High Five Project built with greasy palms and sticky fingers.
He defends receiving $24,000 from company for barbecue expenses
April 7, 2006
By TONY HARTZEL
The Dallas Morning News
The Texas Department of Transportation has fired one of its top engineers after investigating allegations that he mishandled funds related to the High Five interchange project.
Praxedis "Pete" Garza, once a rising star in the department, on Monday was relieved of his job as an area highway engineer supervising dozens of projects around northwest Dallas.
The termination letter from Bill Hale, Dallas district engineer, said Mr. Garza violated several department policies governing cellphone use and funding for occasional barbecues.
As area engineer over the High Five project, Mr. Garza was in a position to oversee Zachry Construction Corp.'s performance and recommend fines for contractual violations. Mr. Garza and a spokeswoman for Zachry, a San Antonio-based company, both said they had an informal arrangement to pay for the barbecues, which were designed to commemorate construction milestones and boost morale.
The informal arrangement called for Mr. Garza to pay all of the expenses for some barbecues from his personal bank accounts. Mr. Garza said he would then submit receipts to Zachry, which would issue a company check payable to him to cover all of the costs.
Zachry officials said they paid Mr. Garza a total of $24,000 over several years to reimburse him for barbecue costs.
"This was between me and Zachry," he said. "The state did not pay for anything. The contractor paid for all the barbecue costs, and me and the guys did all the work."
State officials said the arrangement violated long-standing policies against direct financial transactions between highway contractors and state employees.
The costs should have been split equally, with the contractor paying all barbecue expenses initially and the state reimbursing the contractor for half the cost, according to transportation department spokesman Mark Ball.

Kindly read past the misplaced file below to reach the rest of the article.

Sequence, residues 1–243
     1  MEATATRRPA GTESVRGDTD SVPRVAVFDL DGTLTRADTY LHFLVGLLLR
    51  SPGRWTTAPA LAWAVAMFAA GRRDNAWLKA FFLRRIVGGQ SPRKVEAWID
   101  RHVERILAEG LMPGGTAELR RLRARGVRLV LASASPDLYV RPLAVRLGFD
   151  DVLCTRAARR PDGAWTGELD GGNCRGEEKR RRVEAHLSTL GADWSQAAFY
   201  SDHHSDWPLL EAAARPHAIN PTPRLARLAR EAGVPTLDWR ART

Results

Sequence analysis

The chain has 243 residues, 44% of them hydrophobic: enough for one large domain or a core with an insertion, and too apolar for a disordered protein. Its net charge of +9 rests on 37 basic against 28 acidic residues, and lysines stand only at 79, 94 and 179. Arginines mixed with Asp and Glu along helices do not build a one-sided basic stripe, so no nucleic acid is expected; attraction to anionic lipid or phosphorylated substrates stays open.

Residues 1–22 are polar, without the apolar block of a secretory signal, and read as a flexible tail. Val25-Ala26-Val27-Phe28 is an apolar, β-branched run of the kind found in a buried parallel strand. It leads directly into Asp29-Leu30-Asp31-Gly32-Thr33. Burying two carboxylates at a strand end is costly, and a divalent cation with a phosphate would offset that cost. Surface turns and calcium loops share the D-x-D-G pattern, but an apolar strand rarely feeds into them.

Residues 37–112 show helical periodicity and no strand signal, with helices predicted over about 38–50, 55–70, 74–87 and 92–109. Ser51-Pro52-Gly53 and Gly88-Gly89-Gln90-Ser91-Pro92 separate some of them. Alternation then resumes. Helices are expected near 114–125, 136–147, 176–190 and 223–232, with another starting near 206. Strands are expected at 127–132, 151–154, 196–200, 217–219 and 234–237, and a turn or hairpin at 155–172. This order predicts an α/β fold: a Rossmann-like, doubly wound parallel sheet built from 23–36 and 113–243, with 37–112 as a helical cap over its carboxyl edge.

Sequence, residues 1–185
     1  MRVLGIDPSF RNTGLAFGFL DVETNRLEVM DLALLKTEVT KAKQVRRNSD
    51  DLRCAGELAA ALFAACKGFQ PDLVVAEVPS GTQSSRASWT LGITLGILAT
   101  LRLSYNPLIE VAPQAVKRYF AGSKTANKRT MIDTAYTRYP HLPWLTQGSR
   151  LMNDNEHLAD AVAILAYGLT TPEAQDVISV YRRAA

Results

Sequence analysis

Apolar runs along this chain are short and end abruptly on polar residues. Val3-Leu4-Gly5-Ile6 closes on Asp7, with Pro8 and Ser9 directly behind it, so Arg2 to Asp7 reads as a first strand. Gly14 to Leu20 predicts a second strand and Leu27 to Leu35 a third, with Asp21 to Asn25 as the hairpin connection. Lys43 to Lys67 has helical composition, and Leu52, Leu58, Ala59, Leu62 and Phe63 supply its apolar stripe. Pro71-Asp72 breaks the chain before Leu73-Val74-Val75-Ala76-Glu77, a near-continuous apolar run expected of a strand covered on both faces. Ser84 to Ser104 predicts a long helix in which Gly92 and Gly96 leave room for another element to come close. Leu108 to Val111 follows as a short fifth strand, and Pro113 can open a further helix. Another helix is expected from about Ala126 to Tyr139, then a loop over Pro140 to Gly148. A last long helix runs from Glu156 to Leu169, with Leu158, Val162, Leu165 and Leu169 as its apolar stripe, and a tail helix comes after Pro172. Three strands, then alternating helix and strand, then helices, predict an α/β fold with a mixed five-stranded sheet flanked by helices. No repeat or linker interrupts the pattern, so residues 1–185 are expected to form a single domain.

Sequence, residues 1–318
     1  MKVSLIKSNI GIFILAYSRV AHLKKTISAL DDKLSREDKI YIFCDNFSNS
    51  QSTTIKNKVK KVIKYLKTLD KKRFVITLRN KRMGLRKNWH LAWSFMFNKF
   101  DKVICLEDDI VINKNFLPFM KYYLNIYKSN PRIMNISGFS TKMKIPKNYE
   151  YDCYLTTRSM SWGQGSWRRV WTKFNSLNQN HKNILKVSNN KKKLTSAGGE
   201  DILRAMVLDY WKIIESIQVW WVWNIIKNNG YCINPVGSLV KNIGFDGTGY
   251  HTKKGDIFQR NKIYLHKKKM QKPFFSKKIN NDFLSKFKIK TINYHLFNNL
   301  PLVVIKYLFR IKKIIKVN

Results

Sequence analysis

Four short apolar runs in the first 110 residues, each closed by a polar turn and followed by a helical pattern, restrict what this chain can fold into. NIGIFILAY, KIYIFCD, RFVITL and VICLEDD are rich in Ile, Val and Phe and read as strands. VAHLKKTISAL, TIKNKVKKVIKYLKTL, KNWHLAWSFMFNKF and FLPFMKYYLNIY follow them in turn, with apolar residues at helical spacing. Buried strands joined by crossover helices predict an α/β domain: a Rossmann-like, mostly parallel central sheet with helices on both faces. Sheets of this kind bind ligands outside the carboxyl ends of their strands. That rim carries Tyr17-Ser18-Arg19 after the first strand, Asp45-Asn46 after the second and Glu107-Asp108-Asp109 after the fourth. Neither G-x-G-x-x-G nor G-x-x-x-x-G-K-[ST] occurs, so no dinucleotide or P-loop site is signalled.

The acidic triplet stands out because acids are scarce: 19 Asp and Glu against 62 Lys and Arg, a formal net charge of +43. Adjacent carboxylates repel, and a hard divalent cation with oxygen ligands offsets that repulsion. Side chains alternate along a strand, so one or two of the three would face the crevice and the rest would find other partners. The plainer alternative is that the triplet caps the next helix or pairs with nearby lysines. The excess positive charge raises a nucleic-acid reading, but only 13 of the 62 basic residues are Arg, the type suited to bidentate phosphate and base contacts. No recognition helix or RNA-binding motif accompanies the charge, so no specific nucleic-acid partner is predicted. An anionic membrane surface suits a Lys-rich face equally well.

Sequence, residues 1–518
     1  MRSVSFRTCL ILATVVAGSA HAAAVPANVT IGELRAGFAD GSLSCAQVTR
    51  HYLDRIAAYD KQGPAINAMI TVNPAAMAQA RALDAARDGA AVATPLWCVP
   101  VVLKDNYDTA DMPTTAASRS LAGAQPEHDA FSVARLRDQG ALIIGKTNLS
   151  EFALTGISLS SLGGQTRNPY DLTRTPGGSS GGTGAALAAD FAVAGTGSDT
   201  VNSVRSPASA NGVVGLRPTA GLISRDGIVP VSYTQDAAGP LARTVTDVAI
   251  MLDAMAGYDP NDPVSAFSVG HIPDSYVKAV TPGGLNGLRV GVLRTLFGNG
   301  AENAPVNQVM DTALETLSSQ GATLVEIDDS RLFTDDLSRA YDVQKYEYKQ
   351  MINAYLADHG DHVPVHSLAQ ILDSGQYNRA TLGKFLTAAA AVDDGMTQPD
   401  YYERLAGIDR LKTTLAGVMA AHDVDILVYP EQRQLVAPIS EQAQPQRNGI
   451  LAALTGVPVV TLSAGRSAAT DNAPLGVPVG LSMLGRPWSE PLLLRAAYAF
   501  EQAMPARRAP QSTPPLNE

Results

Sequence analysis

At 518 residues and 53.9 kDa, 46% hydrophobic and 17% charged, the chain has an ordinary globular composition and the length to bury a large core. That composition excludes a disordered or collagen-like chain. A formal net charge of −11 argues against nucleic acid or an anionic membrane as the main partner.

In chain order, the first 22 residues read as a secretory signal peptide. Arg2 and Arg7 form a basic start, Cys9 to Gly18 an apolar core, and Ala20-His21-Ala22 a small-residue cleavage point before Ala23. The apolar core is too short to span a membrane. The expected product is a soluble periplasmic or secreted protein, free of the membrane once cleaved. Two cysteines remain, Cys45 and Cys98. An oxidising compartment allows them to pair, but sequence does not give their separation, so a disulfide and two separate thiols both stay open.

"The employee's acts were policy violations that ultimately led to his termination," he said.
Mr. Garza said he did most of the work cooking and preparing the meals for about 100 people. Therefore, he said he felt justified in accepting the Zachry checks for 100 percent of the barbecue costs.
"We put in labor and other costs," Mr. Garza said. "We weren't getting free food."
In some cases, Mr. Garza said, transportation department bookkeeper Rusty Everitt used personal funds to buy barbecue supplies. Zachry representatives would then issue Mr. Garza a company check, which he in turn would sign over to Mr. Everitt.
Mr. Ball, the transportation department spokesman, confirmed Thursday that Mr. Everitt had been under investigation and also was fired.
Mr. Everitt could not be reached for comment Thursday afternoon.
Mr. Garza said he has receipts for all expenses. Regardless, payments from contractors directly to state employees should not have occurred, state officials said.
'Controls in place'
"I don't believe the contract said this was the way it should be handled," Mr. Ball said. "We have controls in place. If there was a gentleman's agreement in place on how that was done, that was not department policy."